Of course, it was only a matter of time before Daughter Maitland came into play, and it’s Narcisse’s confidence in her loyalty that is his biggest misstep so far. Never one to do the dirty work himself, Narcisse sends in Dunn Purnsley to put an end to Chalky once and for all. The tender moment between Maitland and Chalky as she sings to him the song from which the episode got its title makes it seem pretty unlikely that she is going to go along with his murder, and sure enough the struggle between Dunn and Chalky ends in a manner that is both utterly predictable and completely satisfying.
By the way, how great is Michael K. Williams in this episode? The range he shows is amazing and this is easily the best acting he’s done of this entire series so far. Every time he’s on the screen it’s electric, just like back in the day when he played Omar on The Wire. There are so many great actors on this show, and it’s great to see Williams being given an opportunity to outshine them all.
One of the reasons this episode is so tight and action-packed is that there are fewer subplots going on then usual. We don’t see any of the action in Chicago, we don’t have to sit through any scenes with Gillian Darmody and the guy from Office Space (well, one of the two guys from Office Space on this show), and Richard Harrow is nowhere to be found. While Capone’s presence is always missed and Harrow’s absence for two consecutive episodes will make it a bit harder to get back into his subplot when it resurfaces, it’s refreshing to have an episode that doesn’t feel stretched thin, as many of the episodes of Boardwalk Empire tend to.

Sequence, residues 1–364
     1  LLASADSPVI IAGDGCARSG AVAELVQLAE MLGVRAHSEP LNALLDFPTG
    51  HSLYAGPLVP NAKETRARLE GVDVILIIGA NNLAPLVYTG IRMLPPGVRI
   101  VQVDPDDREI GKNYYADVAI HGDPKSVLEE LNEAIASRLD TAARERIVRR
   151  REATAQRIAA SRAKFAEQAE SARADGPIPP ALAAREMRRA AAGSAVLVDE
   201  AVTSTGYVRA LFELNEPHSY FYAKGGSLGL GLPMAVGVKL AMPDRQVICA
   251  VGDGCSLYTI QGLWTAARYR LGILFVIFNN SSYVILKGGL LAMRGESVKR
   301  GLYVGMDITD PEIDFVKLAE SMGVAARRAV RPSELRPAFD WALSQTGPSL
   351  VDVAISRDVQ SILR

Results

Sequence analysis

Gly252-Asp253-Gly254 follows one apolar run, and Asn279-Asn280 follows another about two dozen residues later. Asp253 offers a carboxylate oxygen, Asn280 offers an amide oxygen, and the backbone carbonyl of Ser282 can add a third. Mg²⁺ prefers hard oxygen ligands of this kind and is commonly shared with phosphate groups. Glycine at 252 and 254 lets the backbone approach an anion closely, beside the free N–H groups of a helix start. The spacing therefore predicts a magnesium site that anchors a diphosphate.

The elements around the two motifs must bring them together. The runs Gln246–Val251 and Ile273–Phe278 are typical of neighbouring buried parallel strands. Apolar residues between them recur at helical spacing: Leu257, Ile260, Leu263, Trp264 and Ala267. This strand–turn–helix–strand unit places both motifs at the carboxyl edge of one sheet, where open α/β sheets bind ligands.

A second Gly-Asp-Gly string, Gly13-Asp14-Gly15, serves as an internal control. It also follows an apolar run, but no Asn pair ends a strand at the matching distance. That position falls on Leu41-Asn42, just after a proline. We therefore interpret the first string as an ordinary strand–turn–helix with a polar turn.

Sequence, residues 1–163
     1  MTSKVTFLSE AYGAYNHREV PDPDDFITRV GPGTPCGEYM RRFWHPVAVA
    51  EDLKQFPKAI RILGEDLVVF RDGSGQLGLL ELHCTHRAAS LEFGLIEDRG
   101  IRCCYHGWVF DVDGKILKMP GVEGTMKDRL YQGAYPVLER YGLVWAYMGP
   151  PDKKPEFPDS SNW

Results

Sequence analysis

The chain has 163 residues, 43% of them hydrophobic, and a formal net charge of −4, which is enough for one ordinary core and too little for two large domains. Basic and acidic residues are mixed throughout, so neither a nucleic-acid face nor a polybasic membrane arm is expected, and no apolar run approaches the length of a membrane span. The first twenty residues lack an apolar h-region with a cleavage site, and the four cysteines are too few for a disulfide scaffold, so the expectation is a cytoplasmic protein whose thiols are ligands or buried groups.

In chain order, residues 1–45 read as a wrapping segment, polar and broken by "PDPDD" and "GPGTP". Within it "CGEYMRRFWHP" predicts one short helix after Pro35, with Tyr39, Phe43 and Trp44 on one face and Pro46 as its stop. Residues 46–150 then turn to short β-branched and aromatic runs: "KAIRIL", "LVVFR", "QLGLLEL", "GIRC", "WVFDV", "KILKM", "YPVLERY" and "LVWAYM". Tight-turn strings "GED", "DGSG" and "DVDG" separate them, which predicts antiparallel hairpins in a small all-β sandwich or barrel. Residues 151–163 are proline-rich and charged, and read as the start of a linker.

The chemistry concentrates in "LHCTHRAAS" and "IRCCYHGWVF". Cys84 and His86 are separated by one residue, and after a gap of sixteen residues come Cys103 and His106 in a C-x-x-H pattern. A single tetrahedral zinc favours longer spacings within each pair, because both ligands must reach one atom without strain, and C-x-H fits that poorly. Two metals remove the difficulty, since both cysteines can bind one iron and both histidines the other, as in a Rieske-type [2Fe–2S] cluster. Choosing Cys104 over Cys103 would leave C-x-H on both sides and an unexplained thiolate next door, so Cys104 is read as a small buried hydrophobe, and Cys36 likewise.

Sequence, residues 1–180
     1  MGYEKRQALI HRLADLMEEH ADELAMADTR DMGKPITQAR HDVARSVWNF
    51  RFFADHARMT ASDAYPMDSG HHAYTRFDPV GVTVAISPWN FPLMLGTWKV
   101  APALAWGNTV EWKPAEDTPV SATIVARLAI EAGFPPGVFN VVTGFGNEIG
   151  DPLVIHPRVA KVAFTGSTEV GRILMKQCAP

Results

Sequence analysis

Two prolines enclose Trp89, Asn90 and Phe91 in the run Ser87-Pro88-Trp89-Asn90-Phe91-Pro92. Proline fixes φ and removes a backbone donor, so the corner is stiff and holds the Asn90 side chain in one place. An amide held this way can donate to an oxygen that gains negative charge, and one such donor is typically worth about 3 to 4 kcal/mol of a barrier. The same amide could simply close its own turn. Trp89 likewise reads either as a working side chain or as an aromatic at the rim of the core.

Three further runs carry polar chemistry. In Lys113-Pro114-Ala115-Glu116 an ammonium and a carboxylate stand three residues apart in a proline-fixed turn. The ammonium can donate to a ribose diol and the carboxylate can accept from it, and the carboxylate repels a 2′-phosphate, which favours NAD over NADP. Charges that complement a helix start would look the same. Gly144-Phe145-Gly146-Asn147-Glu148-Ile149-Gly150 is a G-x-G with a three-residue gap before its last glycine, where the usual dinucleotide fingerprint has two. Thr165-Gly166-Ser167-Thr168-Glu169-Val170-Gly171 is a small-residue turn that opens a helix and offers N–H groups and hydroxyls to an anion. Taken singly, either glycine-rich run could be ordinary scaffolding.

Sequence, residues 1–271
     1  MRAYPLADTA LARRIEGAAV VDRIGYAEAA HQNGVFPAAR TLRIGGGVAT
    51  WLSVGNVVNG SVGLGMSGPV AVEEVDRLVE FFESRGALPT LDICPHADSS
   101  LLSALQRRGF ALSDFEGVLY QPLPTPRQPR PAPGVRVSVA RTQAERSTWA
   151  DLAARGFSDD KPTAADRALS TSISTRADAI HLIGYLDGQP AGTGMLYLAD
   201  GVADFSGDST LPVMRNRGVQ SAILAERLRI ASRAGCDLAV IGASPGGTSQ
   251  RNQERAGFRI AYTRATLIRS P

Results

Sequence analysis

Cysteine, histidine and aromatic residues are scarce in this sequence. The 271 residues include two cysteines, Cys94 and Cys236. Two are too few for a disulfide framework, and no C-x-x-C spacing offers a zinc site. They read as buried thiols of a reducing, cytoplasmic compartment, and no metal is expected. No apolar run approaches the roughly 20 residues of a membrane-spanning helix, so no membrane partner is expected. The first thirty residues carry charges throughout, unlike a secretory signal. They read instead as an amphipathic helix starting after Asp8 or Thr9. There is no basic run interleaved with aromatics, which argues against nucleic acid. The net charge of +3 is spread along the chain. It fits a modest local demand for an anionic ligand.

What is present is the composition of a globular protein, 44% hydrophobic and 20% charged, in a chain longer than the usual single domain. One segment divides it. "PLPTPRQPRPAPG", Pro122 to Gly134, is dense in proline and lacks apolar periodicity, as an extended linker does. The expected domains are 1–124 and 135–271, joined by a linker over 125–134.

Let’s hope they can keep the momentum from this episode going. Next week we’re likely to see what’s happening with Capone’s looming war with Dean O’Banion, and that will no doubt be action-packed. Chalky may have taken out Dunn Purnsley, but he has yet to end the threat of Dr. Narcisse entirely, especially when Narcisse can still cause great harm to Daughter Maitland. We have yet to see how Eli will respond to the threat from Agent Knox. And hey, who knows, maybe something interesting will happen with Gillian Darmody’s subplot and it won’t be quite so tedious to watch.
Boardwalk Empire has always fared best in the back half of its seasons when things really get going, and “The Old Ship of Zion” has shown us just how great the show can be when it’s at its best.
What was your favorite moment from the episode? Sound off in the comments below.